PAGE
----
(Your home community and province)
For the third time in the past four years, the Canada-Newfoundland and Labrador Offshore Petroleum Board has granted a one-year extension to Corridor Resources exploration licence on the Old Harry prospect in the Gulf of St. Lawrence and waived the $1 million deposit required for a licence extension. This extension was granted because the board has not conducted the public and Aboriginal consultations required as part of the environmental assessment for this project. For the past two years, the board has dragged its heels despite numerous inquiries asking when and how these consultations will be carried out. It says it will announce plans for consultations “at a later date.” Does the board intend to keep on delaying the consultations indefinitely and continue to give Corridor Resources free licence extensions?…Given the failure of the NL Board to act in a responsible manner, Save Our Seas and Shores P.E.I. is calling on the federal and Newfoundland and Labrador governments to remove the board’s mandate pertaining to the Gulf of St. Lawrence.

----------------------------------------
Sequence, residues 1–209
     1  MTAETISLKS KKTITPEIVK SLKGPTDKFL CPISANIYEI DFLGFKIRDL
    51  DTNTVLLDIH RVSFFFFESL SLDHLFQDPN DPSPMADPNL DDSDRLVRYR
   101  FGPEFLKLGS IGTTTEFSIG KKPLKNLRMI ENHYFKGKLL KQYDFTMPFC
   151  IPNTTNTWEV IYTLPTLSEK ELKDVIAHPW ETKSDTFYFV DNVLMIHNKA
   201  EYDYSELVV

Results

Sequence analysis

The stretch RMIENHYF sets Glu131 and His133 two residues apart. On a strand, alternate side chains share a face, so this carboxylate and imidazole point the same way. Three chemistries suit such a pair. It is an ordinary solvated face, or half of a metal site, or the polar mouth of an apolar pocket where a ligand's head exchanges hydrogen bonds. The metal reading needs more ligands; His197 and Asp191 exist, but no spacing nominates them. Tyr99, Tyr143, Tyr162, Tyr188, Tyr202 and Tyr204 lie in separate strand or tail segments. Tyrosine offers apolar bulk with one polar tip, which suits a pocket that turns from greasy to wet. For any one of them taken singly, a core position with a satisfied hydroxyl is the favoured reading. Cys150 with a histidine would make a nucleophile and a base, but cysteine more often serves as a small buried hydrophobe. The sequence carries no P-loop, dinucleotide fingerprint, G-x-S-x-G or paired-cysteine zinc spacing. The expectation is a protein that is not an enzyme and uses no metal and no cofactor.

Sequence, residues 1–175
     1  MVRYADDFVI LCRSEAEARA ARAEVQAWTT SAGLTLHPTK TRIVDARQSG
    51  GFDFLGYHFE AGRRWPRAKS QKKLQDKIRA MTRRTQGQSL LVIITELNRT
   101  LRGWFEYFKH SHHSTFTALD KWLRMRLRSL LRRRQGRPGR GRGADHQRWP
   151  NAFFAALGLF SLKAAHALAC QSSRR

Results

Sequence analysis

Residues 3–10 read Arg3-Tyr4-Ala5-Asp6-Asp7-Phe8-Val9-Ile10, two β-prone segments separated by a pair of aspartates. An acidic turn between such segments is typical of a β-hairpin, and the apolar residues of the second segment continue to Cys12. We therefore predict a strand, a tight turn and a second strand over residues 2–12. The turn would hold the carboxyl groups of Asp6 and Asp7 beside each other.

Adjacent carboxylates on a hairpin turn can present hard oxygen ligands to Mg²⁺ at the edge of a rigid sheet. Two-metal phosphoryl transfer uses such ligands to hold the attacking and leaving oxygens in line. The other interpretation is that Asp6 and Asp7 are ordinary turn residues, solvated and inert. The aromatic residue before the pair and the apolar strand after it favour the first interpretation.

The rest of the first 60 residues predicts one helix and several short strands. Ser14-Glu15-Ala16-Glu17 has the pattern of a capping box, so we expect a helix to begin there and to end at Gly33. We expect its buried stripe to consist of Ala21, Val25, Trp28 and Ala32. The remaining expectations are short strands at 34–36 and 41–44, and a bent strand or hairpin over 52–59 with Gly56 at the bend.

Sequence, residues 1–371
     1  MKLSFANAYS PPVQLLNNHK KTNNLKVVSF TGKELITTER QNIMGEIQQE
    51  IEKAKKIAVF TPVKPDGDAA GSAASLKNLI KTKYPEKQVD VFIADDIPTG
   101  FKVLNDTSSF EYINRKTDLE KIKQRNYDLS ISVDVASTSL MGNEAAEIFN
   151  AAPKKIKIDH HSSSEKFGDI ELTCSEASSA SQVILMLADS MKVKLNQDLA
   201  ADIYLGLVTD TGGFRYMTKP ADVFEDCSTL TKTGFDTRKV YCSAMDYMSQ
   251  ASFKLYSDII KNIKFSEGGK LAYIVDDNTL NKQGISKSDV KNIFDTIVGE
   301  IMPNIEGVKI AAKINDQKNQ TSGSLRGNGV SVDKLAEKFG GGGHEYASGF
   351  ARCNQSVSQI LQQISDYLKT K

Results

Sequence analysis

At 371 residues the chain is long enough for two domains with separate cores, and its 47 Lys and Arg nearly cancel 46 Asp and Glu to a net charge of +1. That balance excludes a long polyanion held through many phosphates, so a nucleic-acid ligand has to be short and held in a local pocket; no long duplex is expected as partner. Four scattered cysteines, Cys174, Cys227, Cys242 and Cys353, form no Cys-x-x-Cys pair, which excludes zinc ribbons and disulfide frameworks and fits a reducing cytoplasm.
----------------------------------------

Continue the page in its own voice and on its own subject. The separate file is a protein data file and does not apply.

Leader of the Green Party of Canada, Elizabeth May is standing alongside local community leaders to denounce the decision of provincial and federal regulators to give Corridor Resources Inc. a free pass for the third time at the Old Harry site, a proposed deep water oil well in the Gulf of Saint Lawrence. “This is a free pass to the oil and gas industry, and a slap in the face to fishermen, Aboriginal communities, and the local tourism industry, which all rely on the health of the Gulf of St. Lawrence,” concluded May. “This licence should never have been extended, much less for free.”